Unlike other rivers in the underworld, Cocytus' entire area is shown to be frozen, and the ice is thick enough for one to walk over in most of its extension. Its immense area makes Cocytus one of the major areas in the underworld, and the river stands in the deepest area of hell, where the division with the Hyperdimension that guards Elysium is located, as well as the temples where the judges and Hades usually reside (that is, Caina, Antenora, Ptolomea and Judecca). The largest area in Cocytus is the Eighth Prison, a plain of ice where those who stand against the gods (such as all the saints who fought in the Holy Wars) are sent after death. The ice is permeable after one's body is dropped and left over it for enough time.
Mythological roots Edit
In the Greek mythology, Cocytus (from the Ancient Greek Κωκυτός, Kōkutós; "lamentation") is a river in Hades that flows into the Acheron. In Inferno, the first cantica of Dante Alighieri's Divina Commedia, Cocytus is the ninth and lowest circle of The Underworld. There, Cocytus is referred to as a frozen lake rather than a river, although it originates from the same source as the other infernal rivers, the tears of a statue called The Old Man of Crete which represents the sins of humanity. Dante describes Cocytus as being the home of traitors and those who committed acts of complex fraud. Depending on the form of their treachery, victims are buried in ice to a varying degree, anywhere from neck-high to completely submerged in ice. Cocytus is divided into four descending "rounds," or sections:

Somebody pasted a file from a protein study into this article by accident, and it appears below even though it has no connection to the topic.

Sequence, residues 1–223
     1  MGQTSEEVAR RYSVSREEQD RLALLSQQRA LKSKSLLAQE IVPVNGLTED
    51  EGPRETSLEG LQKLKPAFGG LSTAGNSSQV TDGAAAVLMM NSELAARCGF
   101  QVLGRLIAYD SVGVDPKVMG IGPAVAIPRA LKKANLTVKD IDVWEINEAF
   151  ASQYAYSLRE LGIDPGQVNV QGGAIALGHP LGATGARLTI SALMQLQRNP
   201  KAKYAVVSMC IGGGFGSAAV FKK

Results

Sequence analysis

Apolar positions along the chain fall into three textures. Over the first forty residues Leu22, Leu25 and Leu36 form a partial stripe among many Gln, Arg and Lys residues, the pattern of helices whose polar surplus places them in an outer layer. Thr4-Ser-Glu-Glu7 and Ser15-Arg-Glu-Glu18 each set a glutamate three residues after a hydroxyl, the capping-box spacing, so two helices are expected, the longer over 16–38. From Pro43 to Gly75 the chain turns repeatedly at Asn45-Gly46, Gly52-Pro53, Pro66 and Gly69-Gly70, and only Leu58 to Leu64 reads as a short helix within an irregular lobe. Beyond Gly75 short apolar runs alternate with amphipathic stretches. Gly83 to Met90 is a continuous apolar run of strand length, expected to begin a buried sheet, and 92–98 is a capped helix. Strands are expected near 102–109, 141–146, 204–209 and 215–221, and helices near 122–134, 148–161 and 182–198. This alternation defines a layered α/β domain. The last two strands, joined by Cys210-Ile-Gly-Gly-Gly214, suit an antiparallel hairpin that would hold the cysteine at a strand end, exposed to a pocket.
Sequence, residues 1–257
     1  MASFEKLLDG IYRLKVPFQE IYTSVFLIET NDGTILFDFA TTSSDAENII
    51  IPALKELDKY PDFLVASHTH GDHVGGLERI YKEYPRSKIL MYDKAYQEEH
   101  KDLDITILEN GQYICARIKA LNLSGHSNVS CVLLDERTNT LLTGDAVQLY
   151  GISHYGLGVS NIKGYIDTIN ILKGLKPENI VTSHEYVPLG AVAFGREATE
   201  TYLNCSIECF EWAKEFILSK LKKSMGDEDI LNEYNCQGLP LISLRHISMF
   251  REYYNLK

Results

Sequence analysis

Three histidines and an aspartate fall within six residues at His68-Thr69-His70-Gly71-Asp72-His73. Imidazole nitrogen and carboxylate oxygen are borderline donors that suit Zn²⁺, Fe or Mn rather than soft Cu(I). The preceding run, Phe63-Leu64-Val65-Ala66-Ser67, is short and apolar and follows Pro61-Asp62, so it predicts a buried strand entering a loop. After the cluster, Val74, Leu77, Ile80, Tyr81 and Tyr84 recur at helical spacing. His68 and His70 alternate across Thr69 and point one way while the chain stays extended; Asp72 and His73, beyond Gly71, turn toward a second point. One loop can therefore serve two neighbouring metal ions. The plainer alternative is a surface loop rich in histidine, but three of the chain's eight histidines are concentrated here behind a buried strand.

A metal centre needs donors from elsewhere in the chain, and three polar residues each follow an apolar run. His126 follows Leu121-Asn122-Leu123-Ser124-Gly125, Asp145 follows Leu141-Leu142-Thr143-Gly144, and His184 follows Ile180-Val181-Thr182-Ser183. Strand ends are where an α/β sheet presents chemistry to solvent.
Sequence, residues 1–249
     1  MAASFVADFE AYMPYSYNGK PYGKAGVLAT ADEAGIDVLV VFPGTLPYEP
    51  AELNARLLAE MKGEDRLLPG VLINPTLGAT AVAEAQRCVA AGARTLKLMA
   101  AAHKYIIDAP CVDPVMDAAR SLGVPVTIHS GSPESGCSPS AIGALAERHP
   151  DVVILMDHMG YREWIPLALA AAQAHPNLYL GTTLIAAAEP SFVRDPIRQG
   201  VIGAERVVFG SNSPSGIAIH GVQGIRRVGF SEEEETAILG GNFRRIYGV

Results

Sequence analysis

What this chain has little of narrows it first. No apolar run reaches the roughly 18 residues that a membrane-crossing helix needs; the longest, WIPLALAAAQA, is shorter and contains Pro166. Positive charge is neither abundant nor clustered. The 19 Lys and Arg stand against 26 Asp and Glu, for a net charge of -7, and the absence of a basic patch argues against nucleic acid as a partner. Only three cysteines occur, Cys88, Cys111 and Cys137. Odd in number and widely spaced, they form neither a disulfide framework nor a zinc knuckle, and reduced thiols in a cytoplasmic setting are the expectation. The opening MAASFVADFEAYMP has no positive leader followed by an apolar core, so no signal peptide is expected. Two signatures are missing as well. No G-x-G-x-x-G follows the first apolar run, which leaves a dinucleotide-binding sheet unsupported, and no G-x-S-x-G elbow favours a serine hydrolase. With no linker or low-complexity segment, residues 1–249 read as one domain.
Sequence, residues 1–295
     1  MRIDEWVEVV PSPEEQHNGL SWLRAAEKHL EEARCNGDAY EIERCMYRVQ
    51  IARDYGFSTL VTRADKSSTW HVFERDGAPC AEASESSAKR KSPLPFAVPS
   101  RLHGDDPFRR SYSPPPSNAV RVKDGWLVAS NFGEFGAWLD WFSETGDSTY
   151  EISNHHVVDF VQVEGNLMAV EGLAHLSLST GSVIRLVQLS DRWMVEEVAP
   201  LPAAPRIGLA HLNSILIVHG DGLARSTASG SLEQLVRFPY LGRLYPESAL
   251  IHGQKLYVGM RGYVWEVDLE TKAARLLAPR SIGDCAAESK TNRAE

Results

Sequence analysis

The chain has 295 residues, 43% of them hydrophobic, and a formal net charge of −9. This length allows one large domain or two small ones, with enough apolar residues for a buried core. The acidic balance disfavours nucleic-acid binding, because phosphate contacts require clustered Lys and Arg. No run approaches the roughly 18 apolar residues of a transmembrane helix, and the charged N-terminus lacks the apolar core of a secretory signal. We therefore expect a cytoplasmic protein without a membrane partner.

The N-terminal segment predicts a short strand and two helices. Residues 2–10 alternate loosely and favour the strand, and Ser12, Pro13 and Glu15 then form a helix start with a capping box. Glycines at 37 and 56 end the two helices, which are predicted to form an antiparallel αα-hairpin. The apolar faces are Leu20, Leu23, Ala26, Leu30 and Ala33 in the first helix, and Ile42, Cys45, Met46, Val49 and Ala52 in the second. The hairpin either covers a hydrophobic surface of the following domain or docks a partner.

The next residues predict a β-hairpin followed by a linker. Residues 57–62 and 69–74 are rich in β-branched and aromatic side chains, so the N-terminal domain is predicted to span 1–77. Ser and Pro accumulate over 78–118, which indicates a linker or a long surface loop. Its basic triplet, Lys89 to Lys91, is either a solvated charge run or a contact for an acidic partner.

- Caina: named after the Biblical Cain, where the souls of traitors to blood relatives go to.
- Antenora, after Antenor from the Iliad, where the souls of traitors to country go to.
- Ptolomea, named after the Biblical Ptolemy, where the souls of traitors to guests go to. Here it is said that sometimes the soul of a traitor falls to Hell before Atropos cuts the thread, and their body is taken over by a fiend.
- Judecca, named after the Biblical Judas Iscariot, where the souls of traitors to masters and benefactors go to.